Do you only have a short amount of time on mainland Greece and wondering is Meteora worth visiting? How long should you spend in Meteora? Or even where is Meteora in Greece? Well read on, and we’ll take you on our journey visiting Meteora and exploring the ancient monasteries...
The air is sweet with the smell of burning incense and the only noises breaking the silence are the quiet footsteps echoing around us. We can feel hundreds of years of history and, as we step outside, we’re perched perilously hundreds of metres high on towering cliffs.
We’re in Meteora, one of the most fascinating and stunning UNESCO World Heritage Sites we’ve been to. And to make sure we make the most of visiting Meteora and exploring the ancient monasteries, we’re joining Visit Meteora on a Half-day Sightseeing Tour followed by a Meteroa Sunset Tour.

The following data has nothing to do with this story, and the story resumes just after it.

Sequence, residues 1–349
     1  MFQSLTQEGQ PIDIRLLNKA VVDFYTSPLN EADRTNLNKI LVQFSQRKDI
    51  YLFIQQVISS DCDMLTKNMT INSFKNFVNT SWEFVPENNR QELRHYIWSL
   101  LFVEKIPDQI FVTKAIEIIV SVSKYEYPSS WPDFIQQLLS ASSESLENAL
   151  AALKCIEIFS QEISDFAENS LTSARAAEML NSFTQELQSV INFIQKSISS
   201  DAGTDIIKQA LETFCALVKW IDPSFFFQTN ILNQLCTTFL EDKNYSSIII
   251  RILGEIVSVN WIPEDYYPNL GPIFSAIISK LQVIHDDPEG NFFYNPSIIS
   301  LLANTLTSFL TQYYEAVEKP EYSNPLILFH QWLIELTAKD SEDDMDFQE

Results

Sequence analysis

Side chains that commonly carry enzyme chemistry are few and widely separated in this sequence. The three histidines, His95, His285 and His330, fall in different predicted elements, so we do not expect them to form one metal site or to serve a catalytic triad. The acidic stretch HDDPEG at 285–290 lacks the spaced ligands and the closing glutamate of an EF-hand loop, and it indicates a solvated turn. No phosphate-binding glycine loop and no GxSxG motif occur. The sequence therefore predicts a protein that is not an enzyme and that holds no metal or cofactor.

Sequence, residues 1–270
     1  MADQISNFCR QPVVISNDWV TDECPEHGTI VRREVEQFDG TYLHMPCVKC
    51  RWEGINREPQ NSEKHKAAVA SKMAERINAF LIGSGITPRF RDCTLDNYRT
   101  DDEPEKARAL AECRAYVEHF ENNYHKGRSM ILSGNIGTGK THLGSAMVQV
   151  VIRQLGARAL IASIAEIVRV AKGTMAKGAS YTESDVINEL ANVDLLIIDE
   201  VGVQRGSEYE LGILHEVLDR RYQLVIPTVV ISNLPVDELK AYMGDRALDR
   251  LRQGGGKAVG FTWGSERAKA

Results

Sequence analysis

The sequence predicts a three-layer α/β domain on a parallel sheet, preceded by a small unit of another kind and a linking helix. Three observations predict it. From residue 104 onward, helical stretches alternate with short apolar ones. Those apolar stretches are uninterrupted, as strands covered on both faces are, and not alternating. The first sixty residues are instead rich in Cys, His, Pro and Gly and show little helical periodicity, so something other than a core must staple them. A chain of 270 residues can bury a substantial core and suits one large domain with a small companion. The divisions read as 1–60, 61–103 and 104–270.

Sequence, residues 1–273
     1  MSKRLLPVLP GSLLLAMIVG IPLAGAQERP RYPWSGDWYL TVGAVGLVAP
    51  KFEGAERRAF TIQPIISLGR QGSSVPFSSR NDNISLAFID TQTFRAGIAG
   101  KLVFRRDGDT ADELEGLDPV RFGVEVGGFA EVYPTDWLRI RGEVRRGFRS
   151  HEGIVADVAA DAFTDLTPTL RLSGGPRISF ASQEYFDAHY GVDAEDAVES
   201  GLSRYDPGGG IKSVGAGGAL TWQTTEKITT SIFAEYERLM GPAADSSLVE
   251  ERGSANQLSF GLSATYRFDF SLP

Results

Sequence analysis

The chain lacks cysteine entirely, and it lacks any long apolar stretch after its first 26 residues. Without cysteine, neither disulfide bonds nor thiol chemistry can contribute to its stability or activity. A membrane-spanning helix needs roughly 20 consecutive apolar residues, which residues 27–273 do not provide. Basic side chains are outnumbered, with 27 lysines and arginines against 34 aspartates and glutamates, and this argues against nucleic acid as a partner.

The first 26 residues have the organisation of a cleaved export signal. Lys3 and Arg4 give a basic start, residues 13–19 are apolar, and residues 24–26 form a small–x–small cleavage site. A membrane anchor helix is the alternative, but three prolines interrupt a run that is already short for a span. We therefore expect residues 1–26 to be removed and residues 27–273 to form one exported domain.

What makes these monasteries unique is that they were built on top of huge mountainous rocks by monks over hundreds of years ago, to live lives of solitude and meditation. The monks used ladders to climb up, and ropes to to get food and other things they needed. Luckily for us, the rope ladders were replaced with steps carved into the rock in the 1920s, making it easy to view and visit the monasteries up close and see the incredible panoramic views.
Check out our day in a minute below...
Where is Meteora in Greece & How do you get to Meteora?
Meteora is in the centre of Greece, around 5 hours from Athens, and is well connected by road and rail. Direct trains run from Athens to Kalambaka, but we're taking the scenic route on a road-trip around mainland Greece.